• Progress on Zealand’s glucagon/GLP-1 dual agonist development program with BI awaits BI’s selection of a new lead compound. The companies’ January update on the partnership indicated that Zealand would assume full responsibility for continued phase 1 development of former lead candidate ZP2929 and BI would select a new lead candidate from a portfolio of other glucagon/GLP-1 dual agonists invented under the research part of the collaboration and handed over to BI by mid-2013. In Q&A, Zealand management did not disclose a specific timeline for BI’s decision but hinted that it could come in the relatively near future, as the company will likely “choose something they’ve done a fair bit of work with.” We are curious to see whether phase 1 data on ZP2929 will provide any insight into the basis of the “differing” views between Zealand and BI on the compound that led to the parting of ways on ZP2929. Zealand management indicated that ZP2929 will likely proceed to phase 2 by the end of 2015 – given the costs of phase 3 development for type 2 diabetes, the company is likely interested in a new partner for the compound.

Zealand did not provide any other diabetes or obesity pipeline updates. The company has a partnership with Lilly for the research and development of a new peptide-based treatment for diabetes and obesity. Additionally, Zealand presented at this year’s ADA on its preclinical GLP-1/GLP-2 dual agonist program, which could address the chronic low-grade inflammation that often accompany metabolic disorders in addition to GLP-1-mediated effects on blood glucose.

Table 1: Zealand’s Diabetes and Obesity Drug Pipeline

Drug Name

Class

Indication

Status/
Timeline

Other Remarks

Lixisenatide

GLP-1 agonist

Type 2 diabetes

CVOT

FDA re-submission is planned for Summer 2015

LixiLan (lixisenatide/insulin glargine fixed-ratio combination)

GLP-1 agonist/ basal insulin

Type 2 diabetes

Phase 3

FDA submission possible as early as late 2015

ZP2929

Glucagon/GLP-1 receptor dual agonist

Type 2 diabetes and/or obesity

Phase 1

Zealand took full control from its partnership with BI in January

-

Glucagon/GLP-1 receptor dual agonist program

Type 2 diabetes and/or obesity

Preclinical

BI to select new lead compound for partnership

Glucagon analogue

Liquid-soluble glucagon analog

Severe hypoglycemia

Preclinical

Should enter phase 1 by end of 2014; expedited bioequivalence clinical development pathway possible

ZP-GG-23

GLP-1/GLP-2 dual agonist

-

Preclinical

Program disclosed at ADA

-

GLP-1/gastrin dual receptor agonist

 

 

 

-

Undisclosed target

Diabetes/obesity

Preclinical

In partnership with Lilly

-

Undisclosed target

Cardiometabolic diseases

Preclinical

In partnership with BI

Questions and Answers

Q: Could you follow up on your update of ex-US launches of Lyxumia? How many countries has it been launched in, how many are you expecting? It would be great to have details on which countries it has been launched in so we can gauge the magnitude of the sales potential.

A: There have been approximately 20 launches thus far. I can’t comment country by country, but launches in many countries are going well. Spain and Italy have launched, France is coming – you can imagine that future growth will be considerable. France is the largest GLP-1-using country in Europe. Sanofi is applying all due diligence, but you know in the GLP-1 field in general, the US really offers the lion’s share of revenue for many companies, so an important catalyst for us and for Sanofi will be the re-filing in the US in 2015 and the launch there of Lyxumia as well as LixiLan.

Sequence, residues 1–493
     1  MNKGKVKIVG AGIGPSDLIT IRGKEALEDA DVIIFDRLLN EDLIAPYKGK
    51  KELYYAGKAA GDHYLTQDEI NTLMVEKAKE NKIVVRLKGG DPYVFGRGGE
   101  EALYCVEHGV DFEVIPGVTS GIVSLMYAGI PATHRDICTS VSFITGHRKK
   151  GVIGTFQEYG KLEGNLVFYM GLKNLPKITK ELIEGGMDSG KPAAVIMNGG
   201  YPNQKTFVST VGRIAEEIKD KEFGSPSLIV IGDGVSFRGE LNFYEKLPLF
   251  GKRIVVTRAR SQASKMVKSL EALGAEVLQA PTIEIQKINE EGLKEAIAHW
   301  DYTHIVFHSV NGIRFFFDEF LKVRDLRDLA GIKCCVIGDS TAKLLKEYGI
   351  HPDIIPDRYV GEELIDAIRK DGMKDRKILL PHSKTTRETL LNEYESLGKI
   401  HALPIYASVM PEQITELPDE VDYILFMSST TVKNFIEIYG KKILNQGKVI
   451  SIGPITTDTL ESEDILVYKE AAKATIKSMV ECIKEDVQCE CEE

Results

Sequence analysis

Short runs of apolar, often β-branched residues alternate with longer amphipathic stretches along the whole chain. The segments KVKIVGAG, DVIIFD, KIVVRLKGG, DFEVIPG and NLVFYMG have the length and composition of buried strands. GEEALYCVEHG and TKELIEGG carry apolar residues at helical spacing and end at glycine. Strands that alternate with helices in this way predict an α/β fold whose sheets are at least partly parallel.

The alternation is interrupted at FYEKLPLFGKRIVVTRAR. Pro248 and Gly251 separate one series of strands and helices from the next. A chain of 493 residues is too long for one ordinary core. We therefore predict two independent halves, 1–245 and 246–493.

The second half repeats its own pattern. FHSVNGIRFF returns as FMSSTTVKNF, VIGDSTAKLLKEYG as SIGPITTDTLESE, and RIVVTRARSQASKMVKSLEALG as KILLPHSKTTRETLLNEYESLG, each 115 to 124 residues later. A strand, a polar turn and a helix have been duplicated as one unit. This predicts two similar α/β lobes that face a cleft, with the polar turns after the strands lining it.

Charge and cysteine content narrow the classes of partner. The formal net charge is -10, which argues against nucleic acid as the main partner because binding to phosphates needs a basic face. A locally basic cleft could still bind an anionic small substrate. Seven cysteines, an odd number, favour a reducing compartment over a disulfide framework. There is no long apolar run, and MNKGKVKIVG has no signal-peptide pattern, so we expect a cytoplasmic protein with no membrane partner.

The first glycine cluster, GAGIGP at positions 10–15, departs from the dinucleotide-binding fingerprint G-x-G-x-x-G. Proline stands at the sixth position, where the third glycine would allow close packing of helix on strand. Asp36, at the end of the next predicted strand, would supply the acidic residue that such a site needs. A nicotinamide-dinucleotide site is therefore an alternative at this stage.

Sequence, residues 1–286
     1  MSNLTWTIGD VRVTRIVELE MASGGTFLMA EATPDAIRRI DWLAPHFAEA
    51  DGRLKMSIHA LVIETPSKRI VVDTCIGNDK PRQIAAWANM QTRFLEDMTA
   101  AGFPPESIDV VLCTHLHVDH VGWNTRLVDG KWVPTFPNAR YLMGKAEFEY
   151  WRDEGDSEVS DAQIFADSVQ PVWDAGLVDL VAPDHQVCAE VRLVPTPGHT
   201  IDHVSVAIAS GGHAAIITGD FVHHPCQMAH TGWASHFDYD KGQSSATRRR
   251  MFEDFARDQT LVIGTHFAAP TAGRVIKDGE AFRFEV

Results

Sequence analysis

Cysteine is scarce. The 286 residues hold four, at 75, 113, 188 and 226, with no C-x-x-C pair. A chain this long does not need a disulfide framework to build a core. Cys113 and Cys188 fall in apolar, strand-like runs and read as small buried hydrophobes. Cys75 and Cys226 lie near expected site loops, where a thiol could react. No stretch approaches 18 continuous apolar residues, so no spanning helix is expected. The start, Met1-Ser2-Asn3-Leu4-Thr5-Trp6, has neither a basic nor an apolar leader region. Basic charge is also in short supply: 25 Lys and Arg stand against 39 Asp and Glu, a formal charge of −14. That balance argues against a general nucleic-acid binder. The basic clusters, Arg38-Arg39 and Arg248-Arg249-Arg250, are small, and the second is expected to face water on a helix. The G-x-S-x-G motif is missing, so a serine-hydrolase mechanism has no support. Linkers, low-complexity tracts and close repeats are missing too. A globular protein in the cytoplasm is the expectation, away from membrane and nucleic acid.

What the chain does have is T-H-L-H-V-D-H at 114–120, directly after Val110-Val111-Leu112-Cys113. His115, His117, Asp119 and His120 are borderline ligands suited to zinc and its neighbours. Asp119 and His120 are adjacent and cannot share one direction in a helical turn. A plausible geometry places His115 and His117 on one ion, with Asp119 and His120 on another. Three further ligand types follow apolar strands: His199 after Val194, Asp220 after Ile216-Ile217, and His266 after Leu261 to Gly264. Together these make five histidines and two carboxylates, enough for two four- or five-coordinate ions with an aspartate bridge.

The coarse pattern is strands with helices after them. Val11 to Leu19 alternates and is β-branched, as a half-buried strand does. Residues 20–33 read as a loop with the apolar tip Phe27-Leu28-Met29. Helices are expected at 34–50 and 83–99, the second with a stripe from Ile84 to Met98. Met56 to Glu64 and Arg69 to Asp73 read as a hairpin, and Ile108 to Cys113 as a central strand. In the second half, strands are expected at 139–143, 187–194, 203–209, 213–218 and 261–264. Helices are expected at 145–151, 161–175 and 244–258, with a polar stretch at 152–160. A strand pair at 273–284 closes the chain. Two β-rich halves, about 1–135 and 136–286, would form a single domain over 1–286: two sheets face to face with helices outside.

Q: In Germany, Sanofi will initiate the litigation process – do you have any comments as to how long that can take, i.e. when we could see Lyxumia being introduced in Germany if there is a successful outcome?

A: That’s really up to Sanofi and their negotiators in Germany as well as the German political and regulatory environment. This is not just about Lyxumia but the environment for many medicines; it’s impacting companies as widely as Germany’s own Boehringer Ingelheim as well as our own Danish company Novo Nordisk. I don’t have any comments on timing, but it’s an active process that could result in changes in the political environment in Germany in terms of reimbursement.

Q: On Lyxumia, you commented previously that a launch in France could occur in 2H14. Are you still comfortable with that timing assumption or will it be closer to early 2015 or later?

A: We did mention France in the second half of the year; we and Sanofi are sticking to that, but we have to see how France responds in terms of questions. It’s an important country and there’s more to communicate – you can learn more from Sanofi.

Q: On the BI deals, for both programs, when do you project you’ll be ready to start phase 1?

A: It’s hard to predict because they’re collaborative efforts, it’s early days, and we can’t disclose exact dates. The first program is on dual-acting compounds and our partner BI is choosing a new lead. They are carefully evaluating how they can position the chosen candidate in terms of target-based patient profiles, in terms of scientific results, and in terms of safety. We don’t expect a long runway, but I can’t disclose exactly when. On the new program, it’s early days and it’s an undisclosed target. In Zealand programs, the rough time metric from idea to opening an IND is an 18-24-month period; that’s not a hard number but it’s a reasonable expectation. Again, this is a collaborative project, so this can be plastic one way or the other.

-- by Emily Regier, Manu Venkat, and Kelly Close